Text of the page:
As a gunman opened fire on a cheerful Sunday afternoon crowd at the Gilroy Garlic Festival, organizers of the Watsonville Strawberry Festival watched social media feeds in horror. Then they rushed to re-evaluate their own security plans for this weekend’s fruit-filled event, which is expected to draw more than , people to the city almost miles from the site of the country’s latest mass shooting.
Extra police and first responders will be on site and on high alert Saturday as they patrol the two-day festival, Watsonville City Manager Matt Huffaker said.
Organizers of the strawberry fest had already planned for security at the entrance and police officers on patrol, but they’re now increasing the amount of law enforcement officers, including the Watsonville Police Department and Santa Cruz County Sheriff’s Office, to secure the two-day festival in the city’s historic downtown district.
“There’s no ‘one-size-fits-all’ approach to ensure public festivals are secure and safe,” Huffaker said.
Late July is prime season for the open-air food festivals that dot event calendars during California’s hot summers. Mass cookouts accompanied by concerts offer a popular way for cities and towns to celebrate the local fruits and vegetables that make up the backbone of the Bay Area’s agricultural economy.
But when thousands descended this past weekend on Gilroy — Santa Clara County’s southernmost city, known to many as the Garlic Capital of the World — the expectations included live music, pepper-steak sandwiches and the infamous garlic ice cream, not a gunman who would kill three and injure a dozen more at the famed festival.
Security checkpoints are commonplace at large public events and venues, but mass shootings in in Las Vegas at the Route Harvest festival, which left dead and hundreds injured, and in at the Pulse nightclub in Orlando, which killed people, have changed behaviors.
San Francisco’s Outside Lands Music Festival has had event staff search bags for weapons and sent attendees through metal detectors, and last year the event implemented a clear-bag policy.
San Francisco police provide security at the festival every year, and planning perimeter security around the concert grounds begins “months in advance,” said Sgt. Michael Andraychak, a department spokesman.
In Oakland, First Fridays organizers said security measures for the monthly community gatherings might be more expansive after the shooting.
But those patrol plans — extra enforcement from both private security and Oakland Police Department officers — were already in the works since six people were injured in an October shooting after a First Fridays event, said Mike Woolson, the event’s marketing director.
“I don’t think Gilroy changed the game for us,” Woolson said. “It was just another frightening reminder of what can happen.”
The garlic festival was supposed to be safe. Christmas Hill Park, where the annual festival is held, bars pocket knives and any weapons. A fence around the perimeter of the expansive wooded area surrounded vendors, volunteers and visitors. The shooter Sunday sawed through a creekside fence to gain entry, Gilroy police said.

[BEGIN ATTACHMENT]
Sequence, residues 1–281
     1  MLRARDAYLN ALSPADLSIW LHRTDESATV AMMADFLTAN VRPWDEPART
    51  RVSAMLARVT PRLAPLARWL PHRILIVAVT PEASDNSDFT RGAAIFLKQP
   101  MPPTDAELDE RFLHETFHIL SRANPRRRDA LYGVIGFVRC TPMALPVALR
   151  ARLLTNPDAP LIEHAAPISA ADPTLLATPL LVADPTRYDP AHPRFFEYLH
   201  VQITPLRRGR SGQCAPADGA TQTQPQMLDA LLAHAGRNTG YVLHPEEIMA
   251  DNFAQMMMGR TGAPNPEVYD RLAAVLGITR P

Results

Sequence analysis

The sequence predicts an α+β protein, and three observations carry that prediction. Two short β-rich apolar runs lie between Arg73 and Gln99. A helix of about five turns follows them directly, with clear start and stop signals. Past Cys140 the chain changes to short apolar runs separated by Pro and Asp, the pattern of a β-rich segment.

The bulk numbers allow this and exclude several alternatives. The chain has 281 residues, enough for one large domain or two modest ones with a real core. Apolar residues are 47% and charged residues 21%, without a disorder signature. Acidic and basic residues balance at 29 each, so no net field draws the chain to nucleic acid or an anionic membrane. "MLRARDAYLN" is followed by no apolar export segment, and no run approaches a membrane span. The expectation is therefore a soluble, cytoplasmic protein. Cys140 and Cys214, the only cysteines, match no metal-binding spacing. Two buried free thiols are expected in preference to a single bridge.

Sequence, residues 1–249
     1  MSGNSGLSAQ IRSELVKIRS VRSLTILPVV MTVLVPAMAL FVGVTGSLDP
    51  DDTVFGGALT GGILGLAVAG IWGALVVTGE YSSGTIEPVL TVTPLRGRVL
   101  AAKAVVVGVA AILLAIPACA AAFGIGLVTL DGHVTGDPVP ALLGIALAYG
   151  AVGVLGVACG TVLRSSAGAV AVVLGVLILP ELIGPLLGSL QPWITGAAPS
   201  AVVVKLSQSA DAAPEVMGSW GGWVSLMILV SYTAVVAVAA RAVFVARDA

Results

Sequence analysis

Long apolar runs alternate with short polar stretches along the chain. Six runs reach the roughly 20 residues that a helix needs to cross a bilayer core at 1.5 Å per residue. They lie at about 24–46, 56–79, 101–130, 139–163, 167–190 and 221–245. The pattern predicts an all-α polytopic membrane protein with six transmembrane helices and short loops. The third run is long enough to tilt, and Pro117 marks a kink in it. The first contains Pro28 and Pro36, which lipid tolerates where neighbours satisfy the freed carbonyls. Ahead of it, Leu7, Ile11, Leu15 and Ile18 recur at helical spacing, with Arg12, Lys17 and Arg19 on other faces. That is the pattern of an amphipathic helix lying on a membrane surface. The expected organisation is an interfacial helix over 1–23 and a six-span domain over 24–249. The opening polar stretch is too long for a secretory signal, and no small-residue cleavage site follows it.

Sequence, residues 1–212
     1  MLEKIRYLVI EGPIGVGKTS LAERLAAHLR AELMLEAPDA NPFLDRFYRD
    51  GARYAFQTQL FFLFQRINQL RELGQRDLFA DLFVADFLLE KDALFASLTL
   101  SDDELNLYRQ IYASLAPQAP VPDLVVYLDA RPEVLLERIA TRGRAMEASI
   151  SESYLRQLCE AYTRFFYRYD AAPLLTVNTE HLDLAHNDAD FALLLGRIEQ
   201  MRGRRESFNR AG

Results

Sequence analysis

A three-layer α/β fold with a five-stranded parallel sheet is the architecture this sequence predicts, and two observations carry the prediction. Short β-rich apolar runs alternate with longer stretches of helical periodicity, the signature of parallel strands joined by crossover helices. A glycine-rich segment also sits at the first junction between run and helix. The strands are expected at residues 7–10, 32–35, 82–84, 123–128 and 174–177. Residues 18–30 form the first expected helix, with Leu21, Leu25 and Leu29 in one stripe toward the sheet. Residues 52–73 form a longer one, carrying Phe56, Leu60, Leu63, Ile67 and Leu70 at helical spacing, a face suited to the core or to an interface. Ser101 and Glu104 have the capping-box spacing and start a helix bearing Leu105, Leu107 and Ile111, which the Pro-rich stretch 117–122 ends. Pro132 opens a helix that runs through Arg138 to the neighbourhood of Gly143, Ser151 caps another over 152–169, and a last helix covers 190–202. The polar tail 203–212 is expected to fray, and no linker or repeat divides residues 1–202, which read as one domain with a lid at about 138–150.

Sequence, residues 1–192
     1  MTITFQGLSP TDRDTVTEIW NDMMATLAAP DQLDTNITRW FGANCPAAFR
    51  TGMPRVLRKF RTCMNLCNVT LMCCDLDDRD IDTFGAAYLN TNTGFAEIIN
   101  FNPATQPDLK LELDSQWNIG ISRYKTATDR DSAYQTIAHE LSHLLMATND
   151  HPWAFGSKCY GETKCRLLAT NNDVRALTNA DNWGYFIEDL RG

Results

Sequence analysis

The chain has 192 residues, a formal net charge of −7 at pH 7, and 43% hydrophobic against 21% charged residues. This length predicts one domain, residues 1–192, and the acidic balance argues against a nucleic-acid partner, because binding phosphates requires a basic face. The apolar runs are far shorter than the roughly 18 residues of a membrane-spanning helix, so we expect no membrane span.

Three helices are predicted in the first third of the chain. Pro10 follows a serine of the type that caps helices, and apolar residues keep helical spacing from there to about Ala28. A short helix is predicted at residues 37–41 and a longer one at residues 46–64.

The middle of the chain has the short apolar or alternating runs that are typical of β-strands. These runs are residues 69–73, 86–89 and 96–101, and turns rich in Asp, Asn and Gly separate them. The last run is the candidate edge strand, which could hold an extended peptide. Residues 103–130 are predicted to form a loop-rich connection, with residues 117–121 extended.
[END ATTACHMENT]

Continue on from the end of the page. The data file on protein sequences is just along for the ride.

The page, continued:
Many variables go into security management, but it’s “rare” to have shootings as “horrific” as Gilroy’s, said Evan Barbier, founder of San Rafael-based Barbier Security Group. The group handles security for concerts and specialty events like the Marin and Solano county fairs.
“We’ll see that human nature is one where if they want to do something, they’ll try to get around it, regardless of the measures that are in place,” Barbier said.
Investigators still haven’t officially released a motive for Sunday’s shooting or a reason why the gunman picked the garlic festival. But mass casualties at a popular destination meant to be enjoyed through fair rides and novelty foods is incongruous, said Erika Rappoport, a history professor specializing in food, drink and consumer culture at UC Santa Barbara.
“While eating, your guard is down, you’re not looking around you and you’re usually talking and socializing,” she said. “Everybody partakes in eating, so it cuts down boundaries between people.”
Brian Bowe, executive director of the garlic festival, called the event an “annual family reunion” for the city of ,.
“Gilroy is an amazing, tightly knit community,” he said after the attack.
Although big events are winding down as the school year nears and summer ends, event organizers have been calling their private security contractors in the aftermath of Sunday’s shooting to prepare, Barbier said.
Over the past decade, he said he’s seen safety plans become more “purpose-driven,” focusing on deterring dangerous situations through guard placement and clearly defined duties.
“In the last few years it might be presence at the gate, but now because of incidents you’re bag-checking, wanding or checking people’s pockets,” he said.
Despite the frequency of mass shootings in the U.S. — a total of have occurred just this year, according to the Gun Violence Archive — any fear of a shooting at a festival likely won’t keep people from attending.
“The only way to guarantee people would be safe is to never leave their basements,” Woolson said.
Gwendolyn Wu is a San Francisco Chronicle staff writer. gwendolyn.wusfchroniclem gwendolynawu
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